Kata and Mei-kata Part 2/2


Once again I recruited the help of a passerby to take a couple of video clips for me in the park (someone who coincidentally turned out to be a local Wado Ryu tutor!). This is a follow-on to my last post about kata.

Te (Udun-di) does not have kata as such, which is effectively somebody else's thoughts frozen in time, codified and 'rigidified' into 'forms' or set patterns. Kata is a great way to learn lots of aspects of the arts, but it allows little room, if any, for the development of our own spontaneity, our intuitive 'self' - our subconscious. It doesn't allow for the 'art' in our martial art to be expressed in a personal way (except as in how we interpret the already 'set' movements of a kata) - although it can be viewed as building a conceptual platform from which to develop into such artfulness. Therefore for all it's pro's kata can also be seen as limiting in that after sufficient time studying them they can start to limit our imaginative, intuitive, spontaneous responses, rather than opening them up.

The first clip here is of some free-form Te-kobudo (in this case a Jo, or 4 ft staff), practice. As I'm on tar-mac I'm not dropping to one knee in these clips as I don't want to ruin my jeans, or my knees! 

Te works instead with 'formless-form' (mei-kate), which takes us fairly immediately into a personal and spontaneous development of our art. It is limited only by efficient martial principles of interactive movement, and an understanding of levers, fulcrums and how pressure-point application can affect our opponent and aid us. Also relevant to this is our own imagination and how much technique (kihon), we have learned - as we learn more te our mei-kata 'fills out' as our personal 'legend' evolves with us.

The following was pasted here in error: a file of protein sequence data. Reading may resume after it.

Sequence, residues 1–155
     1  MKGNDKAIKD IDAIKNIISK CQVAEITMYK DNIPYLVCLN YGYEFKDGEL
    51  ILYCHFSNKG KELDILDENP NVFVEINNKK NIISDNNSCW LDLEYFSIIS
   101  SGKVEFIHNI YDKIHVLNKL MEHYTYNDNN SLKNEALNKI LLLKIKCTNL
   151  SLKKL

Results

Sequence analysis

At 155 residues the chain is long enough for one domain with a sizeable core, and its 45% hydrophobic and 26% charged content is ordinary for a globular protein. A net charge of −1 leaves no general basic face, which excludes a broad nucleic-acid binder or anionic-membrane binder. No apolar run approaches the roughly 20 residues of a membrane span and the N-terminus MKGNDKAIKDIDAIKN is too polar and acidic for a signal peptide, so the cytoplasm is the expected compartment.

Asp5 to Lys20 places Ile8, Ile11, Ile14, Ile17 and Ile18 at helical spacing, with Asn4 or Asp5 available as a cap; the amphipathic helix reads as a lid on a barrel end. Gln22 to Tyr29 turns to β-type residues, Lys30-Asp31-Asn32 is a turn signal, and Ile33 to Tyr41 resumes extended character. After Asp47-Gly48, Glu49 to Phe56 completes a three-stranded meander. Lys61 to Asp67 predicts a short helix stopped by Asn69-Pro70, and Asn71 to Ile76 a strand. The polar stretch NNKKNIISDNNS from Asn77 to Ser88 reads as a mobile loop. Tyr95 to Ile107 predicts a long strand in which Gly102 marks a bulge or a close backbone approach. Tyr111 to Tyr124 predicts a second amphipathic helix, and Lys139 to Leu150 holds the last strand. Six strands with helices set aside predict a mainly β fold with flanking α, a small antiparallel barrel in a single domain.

In Te training we learn a great deal through personal exploration, discovering, with our teachers help, via the mediums of wrist/hand manipulation (tui-te), and 'dance-hand' (odori-te - a mode of freestyle applications taken to a compelling, but not damaging, level), and the sensitivity that this practice promotes.

To be able to tap into our own spontaneous intuition is what is required in a real situation. This is where 'mei-kata' come into it's own, allowing for 'rinki-ohen' (our responsiveness to the ever-changing development of a situation), to be worked on more directly than is possible with kata. Kata doesn't provide very well for the unexpected, or for what happens if our carefully imagined plans don't go according to that plan. As evidence of this I'd site the number of times that martial-sports people freeze under pressure and get caught-cold by their opponent. 
Despite various imaginative reverse-engineered interpretations, kata is not intended to deal with multiple, weapon-wielding opponents (the turns in kata are not to deal with a new opponent, they are generally teaching us about the angle to take to our opponent and how to accomplish throws etc).

This is one is my own humble attempts at mei-kata.


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